The canvas works incredibly well when you want to use large definitive strokes and build your drawings up in lots of layers.
The canvas works excellently when laying down vine charcoal as it can be very easily erased.
Due to the strength of the canvas you can build up and erase layers almost indefinitely without damaging the canvas, although because of how well the darker charcoal sticks to the canvas it is much harder to erase than charcoal on a fine toothed or smooth paper.
Should You Use Paper or Canvas?
There isn’t a single answer to this question but I can give you my opinions. Drawing on canvas and paper both have their merits and both result in completely different outcomes.
Here is the drawing on canvas I created earlier, I decided to recreate the drawing this time on paper. We can compare the two images below.
The first thing that jumps out is the difference in the levels of detail. Although it doesn’t look like much there is significantly less detail in the darker areas of the fur when drawing on canvas.
The drawing on paper is much sharper and more detailed than on the canvas. This is because the finer tooth of the paper allows for the charcoals to be manipulated much more easily.
The highlight can be added using an eraser as the darker charcoal is more readily removed from the surface when using paper rather than canvas.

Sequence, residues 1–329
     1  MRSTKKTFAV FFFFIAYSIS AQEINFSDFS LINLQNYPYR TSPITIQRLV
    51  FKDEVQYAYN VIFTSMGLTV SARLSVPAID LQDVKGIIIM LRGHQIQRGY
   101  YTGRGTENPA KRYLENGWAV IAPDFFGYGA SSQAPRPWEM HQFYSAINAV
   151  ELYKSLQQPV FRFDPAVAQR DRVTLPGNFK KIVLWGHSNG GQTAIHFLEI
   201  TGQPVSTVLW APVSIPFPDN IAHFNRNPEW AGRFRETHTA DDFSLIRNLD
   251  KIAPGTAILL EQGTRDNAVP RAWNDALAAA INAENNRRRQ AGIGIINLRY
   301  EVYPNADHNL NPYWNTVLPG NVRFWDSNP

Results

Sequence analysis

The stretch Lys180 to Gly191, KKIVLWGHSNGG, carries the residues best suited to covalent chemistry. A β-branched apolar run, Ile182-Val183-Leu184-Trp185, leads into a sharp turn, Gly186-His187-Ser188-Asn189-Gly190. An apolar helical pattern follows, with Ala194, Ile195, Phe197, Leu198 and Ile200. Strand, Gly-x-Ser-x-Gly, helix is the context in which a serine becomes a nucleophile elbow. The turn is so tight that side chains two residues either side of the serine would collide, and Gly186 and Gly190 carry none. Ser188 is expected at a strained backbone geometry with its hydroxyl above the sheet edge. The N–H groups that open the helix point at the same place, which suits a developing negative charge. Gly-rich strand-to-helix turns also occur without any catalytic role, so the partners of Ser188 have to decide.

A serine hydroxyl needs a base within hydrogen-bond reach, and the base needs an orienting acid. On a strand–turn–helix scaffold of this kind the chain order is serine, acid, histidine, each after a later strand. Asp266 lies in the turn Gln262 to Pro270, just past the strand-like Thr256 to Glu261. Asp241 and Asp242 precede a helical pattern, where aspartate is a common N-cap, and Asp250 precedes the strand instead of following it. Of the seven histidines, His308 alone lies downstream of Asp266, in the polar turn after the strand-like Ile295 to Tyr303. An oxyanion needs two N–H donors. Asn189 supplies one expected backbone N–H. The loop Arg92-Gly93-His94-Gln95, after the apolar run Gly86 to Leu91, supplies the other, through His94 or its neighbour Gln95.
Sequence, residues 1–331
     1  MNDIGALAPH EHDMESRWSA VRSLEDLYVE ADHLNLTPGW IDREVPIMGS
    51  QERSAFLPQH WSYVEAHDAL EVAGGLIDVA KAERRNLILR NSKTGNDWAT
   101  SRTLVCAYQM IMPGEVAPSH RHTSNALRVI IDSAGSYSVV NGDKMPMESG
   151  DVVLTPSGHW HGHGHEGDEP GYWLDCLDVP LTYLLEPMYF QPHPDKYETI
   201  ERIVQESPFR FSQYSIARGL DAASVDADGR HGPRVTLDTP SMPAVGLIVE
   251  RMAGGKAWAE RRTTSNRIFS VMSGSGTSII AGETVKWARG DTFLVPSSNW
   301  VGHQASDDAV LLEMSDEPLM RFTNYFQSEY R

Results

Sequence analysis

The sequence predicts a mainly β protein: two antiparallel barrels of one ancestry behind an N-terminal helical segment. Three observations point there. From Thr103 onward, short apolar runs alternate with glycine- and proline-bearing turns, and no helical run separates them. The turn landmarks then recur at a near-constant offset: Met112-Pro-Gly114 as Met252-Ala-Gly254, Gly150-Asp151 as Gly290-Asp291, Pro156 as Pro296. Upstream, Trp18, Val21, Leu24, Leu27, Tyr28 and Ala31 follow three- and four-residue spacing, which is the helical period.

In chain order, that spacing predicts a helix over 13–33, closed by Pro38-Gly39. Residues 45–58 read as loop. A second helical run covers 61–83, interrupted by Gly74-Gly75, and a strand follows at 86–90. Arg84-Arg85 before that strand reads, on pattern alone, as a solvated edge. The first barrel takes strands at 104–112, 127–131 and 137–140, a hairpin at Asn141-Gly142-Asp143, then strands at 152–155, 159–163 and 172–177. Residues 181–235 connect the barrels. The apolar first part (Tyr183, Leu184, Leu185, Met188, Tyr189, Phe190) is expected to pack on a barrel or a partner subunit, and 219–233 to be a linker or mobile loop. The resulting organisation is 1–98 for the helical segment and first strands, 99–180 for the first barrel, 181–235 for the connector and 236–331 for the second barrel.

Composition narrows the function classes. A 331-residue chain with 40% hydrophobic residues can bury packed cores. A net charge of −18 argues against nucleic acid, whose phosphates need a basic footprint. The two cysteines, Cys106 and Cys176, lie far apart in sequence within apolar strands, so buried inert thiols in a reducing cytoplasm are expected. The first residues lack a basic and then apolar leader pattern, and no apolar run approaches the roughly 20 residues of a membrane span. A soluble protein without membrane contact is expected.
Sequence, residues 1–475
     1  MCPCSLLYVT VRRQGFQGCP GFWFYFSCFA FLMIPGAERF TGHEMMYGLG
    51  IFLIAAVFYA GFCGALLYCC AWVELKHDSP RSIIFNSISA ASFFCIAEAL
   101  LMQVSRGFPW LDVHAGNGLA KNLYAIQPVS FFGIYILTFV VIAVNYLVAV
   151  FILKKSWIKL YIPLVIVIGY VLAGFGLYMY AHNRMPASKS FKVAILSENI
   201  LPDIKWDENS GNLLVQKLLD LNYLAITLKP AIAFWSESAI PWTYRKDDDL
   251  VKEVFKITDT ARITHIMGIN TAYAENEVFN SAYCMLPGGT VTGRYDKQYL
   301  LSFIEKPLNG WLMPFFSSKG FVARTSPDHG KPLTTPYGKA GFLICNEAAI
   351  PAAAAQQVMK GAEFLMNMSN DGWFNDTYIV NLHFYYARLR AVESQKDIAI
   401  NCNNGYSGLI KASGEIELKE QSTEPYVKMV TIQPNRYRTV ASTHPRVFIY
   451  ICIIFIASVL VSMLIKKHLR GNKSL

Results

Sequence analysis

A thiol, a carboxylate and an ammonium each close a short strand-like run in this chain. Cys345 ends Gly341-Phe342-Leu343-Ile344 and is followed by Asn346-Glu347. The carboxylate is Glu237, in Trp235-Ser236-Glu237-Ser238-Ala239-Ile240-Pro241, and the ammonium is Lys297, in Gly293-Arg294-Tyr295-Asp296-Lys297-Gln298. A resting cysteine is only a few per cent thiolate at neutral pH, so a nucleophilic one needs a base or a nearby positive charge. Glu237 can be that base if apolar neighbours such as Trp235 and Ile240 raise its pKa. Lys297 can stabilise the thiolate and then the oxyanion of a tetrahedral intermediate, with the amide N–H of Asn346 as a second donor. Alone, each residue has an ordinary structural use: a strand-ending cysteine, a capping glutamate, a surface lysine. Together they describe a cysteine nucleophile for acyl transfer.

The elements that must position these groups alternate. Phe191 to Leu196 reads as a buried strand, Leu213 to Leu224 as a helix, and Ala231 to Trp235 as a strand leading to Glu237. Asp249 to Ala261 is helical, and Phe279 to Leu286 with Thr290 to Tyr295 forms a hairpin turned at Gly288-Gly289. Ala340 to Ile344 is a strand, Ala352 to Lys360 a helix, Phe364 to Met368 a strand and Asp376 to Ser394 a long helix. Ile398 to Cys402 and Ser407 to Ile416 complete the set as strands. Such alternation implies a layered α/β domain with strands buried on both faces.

This isn’t to say that the paper drawing is better. Personally I believe the drawing on canvas is a much better piece of art.
The contrasting shapes and marks that make up the drawing add a sense of depth and dimension that isn’t present on the paper.
However these drawings were done three years apart so my drawing abilities have developed with lots and lots of practice in that time.
Pros and Cons of Paper and Canvas
|Varying grains||Charcoal adheres very easily|
|Darker tones are harder to achieve||Very easy to blend|
|Easier to erase||Good range of values|
|Easily preserved using fixative||Easily preserved using fixative|
|Spray fixatives only||Wide range of fixatives can be used|
|Better for more detailed work||Excellent for abstract mark making|
Which is Better?
Personally I use an incredibly smooth paper for my charcoal drawings as I enjoy the fine details that can be added. However if you are looking for a strong and reliable surface for more expressive and abstract artworks then I would thoroughly recommend you trying charcoal on canvas.
However if you are experimenting with charcoal drawing on canvas I would strongly recommend investing in a good quality one, the tighter the better as I sometimes found that my canvas sagged onto the wooden support frames and left outlines of the frames as I was drawing.
An alternative to this if you are on a budget would be to take the canvas off the stretchers, complete your drawing and then re stretch it back onto the frame when you have finished.
As with all artwork the final visual outcome is subjective to the viewer and yourself as the artist. You may love feel of the charcoal running over textured grains of canvas or get lost in the smooth glide of charcoal pencils over paper.
The only way of knowing for yourself is experimenting! Buy yourself some different types of paper and some canvases and give it a go!